Instead of keeping their research to myself, I'm adding one of Daniel Brubaker's articles to my blog. Be sure to follow their work if you are interested in Quranic variants! The original article can be found here: http://iqsaweb.wordpress.com/2013/07/01/kalala/
Also, read Keith Small's groundbreaking work here:
Textual Criticism and Qur'an Manuscripts
Partial taping on kalāla in one early muṣḥaf
The monumental and early Cairo muṣḥaf al-sharīf (recently published in facsimile by IRCICA, ISBN 9789290631972, 2vol.) contains in places what appears to be tape covering lines or portions of text. The purpose of this tape is unclear; one possibility related to me recently is that it may have been applied to strengthen the pages at points where overly-acidic ink had eaten through the page.
On page 147 (verso), there is a single instance: the last word of line 7, kalāla of Q4:176, has been taped over in this way. There is no damage to the page evident from the facsimile on the reverse side of the page.
This particular taping has left exposed the tops of the upward-extending letters, namely, the two presumed lams and the upper tip of the presumed ta’ marbuta. This codex is written with formal and evenly spaced letter forms most similar to those of Déroche’s B.II category.
An interesting feature here is that the space between what appear to be the first and second lam is at least ten times the standard spacing between consecutive lams throughout the pages of this manuscript written by this scribe. There are two other instances of consecutive lams on this page; both are consistent with the standard spacing, which maintains a distance between consecutive lams of about one-third to one-half the width of the nib.
The kalāla of 4:176 is one of two instances of the word kalāla in the Qur’ān; the other is at verse 12 of the same sura. The word kalāla at 4:12 of this muṣḥaf (page 102 verso, possibly the work of a different scribe) is intact and original. The distance between its lams is slightly more than one nib-width.
The overwriting of kalāla at Q4:12 in BNF 328a has been noted by David Powers and forms a basis for his theory concerning the development of the doctrines of inheritance and adoption. The possibility exists that what is under this tape could shed further light on Powers’ theory.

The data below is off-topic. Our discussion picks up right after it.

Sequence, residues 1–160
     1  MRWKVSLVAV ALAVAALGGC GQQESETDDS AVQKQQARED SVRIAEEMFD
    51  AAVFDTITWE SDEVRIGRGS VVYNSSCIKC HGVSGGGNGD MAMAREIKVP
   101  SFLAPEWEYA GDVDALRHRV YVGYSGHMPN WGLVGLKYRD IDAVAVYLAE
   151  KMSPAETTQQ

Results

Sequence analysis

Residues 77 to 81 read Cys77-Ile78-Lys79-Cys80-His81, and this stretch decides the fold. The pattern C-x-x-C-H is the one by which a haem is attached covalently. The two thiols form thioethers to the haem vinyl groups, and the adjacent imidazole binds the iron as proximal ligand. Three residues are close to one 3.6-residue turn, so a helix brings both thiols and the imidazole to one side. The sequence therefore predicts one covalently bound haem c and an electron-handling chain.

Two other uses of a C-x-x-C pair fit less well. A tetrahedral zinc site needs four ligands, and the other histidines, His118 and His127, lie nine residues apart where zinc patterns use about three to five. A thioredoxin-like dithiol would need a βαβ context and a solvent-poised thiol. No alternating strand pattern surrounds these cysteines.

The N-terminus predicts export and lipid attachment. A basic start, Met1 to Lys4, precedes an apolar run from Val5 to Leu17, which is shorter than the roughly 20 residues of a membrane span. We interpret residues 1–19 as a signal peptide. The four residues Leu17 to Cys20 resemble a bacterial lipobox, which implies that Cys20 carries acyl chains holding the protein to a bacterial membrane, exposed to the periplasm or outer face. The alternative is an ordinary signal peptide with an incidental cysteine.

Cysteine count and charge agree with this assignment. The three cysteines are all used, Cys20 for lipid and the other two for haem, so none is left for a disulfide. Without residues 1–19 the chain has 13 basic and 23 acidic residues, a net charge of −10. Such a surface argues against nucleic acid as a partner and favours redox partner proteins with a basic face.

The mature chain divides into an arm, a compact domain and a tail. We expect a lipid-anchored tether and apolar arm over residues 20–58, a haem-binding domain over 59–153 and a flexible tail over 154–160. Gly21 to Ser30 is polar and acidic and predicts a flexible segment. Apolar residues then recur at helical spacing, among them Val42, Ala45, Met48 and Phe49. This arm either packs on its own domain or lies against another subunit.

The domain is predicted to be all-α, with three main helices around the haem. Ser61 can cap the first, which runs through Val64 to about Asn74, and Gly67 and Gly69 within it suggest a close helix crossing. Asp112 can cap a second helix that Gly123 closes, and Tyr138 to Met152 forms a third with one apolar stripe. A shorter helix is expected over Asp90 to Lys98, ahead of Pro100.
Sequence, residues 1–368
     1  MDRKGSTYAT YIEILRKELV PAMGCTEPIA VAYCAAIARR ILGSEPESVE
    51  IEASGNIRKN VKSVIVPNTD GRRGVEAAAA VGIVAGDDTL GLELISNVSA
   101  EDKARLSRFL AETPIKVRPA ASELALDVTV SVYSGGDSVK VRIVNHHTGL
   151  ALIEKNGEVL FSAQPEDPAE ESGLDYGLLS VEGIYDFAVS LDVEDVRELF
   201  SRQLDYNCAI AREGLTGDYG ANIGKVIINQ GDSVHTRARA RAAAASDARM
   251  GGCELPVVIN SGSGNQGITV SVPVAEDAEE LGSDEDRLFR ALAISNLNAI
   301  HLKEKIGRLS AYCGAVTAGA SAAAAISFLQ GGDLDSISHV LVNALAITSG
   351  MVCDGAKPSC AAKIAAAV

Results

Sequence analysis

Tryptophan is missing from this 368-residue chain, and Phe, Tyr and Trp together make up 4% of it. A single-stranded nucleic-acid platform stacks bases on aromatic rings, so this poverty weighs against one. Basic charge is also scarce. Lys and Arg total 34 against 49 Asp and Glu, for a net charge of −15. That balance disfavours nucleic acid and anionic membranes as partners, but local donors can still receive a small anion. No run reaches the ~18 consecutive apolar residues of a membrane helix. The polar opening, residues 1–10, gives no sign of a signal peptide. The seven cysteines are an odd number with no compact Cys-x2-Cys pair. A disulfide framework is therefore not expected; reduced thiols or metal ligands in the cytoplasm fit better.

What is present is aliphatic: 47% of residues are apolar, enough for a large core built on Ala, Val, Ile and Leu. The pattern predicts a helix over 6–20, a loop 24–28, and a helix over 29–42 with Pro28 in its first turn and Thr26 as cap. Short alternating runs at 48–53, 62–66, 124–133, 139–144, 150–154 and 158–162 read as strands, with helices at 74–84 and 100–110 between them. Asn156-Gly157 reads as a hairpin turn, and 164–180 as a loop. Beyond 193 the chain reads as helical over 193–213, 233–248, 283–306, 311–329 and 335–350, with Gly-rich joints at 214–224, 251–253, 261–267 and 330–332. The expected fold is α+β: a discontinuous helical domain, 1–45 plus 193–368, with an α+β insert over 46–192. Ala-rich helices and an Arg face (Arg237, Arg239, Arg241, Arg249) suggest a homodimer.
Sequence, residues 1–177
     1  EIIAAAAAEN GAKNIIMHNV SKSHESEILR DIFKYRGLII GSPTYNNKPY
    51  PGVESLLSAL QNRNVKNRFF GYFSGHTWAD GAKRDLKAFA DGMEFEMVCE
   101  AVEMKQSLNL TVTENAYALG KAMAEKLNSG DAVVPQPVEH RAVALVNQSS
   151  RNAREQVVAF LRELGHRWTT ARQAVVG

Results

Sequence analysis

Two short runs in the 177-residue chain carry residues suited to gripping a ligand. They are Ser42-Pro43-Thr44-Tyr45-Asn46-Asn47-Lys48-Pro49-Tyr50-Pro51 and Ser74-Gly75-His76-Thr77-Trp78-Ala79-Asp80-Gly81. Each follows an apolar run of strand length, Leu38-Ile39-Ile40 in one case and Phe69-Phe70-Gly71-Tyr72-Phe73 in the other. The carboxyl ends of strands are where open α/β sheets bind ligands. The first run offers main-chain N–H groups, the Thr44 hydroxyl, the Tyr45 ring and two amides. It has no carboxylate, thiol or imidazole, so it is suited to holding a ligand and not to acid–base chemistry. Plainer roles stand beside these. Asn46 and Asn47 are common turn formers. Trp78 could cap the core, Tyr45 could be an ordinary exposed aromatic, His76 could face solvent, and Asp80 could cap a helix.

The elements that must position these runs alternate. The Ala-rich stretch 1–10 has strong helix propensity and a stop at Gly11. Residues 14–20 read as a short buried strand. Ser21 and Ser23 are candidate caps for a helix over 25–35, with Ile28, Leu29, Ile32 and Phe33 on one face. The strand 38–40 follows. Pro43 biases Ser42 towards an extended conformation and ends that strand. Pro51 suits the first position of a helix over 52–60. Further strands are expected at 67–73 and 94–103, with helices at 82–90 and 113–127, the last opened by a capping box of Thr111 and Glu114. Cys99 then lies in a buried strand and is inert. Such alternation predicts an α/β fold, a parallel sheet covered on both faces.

This type of taping is rare in Qur’ān manuscripts. I have encountered it so far in only one other codex, the Sana‘ā’ muṣḥaf al-sharīf, also available in a quality facsimile edition from IRCICA (ISBN 9789290632351). The taping, unlike most scribal corrections found in the earliest Qur’ān manuscripts, appears to be a relatively modern phenomenon, perhaps within the last two-three centuries.
I was received warmly and hospitably at IRCICA in Istanbul by its Director, Dr. Halit Eren in November 2011. Dr. Eren was gracious and pleased to see scholarly interest in these early Qur’āns. In the days following my visit, I noted with curiosity the existence of these taped portions throughout this facsimile, which I had obtained from IRCICA on that trip, but did not have the opportunity to look more closely at that time. More recently, I have inquired of IRCICA about the taping in this muṣḥaf; whether the experts there know when it may have occurred or by whom, as well as whether the text underneath is known to be intact.
In addition to the two maṣāḥif mentioned above, two other early monumental Qur’ān codices have recently been published in facsimile editions by IRCICA and ISAM:
Topkapi muṣḥaf al-sharīf (ISBN 9789290631675)
Istanbul muṣḥaf al-sharīf, (ISBN 9789753895231)
These manuscripts are treasures and scholars working in early history of the written Qur’ān will want to be aware of them.
DANIEL A. BRUBAKER, RICE UNIVERSITY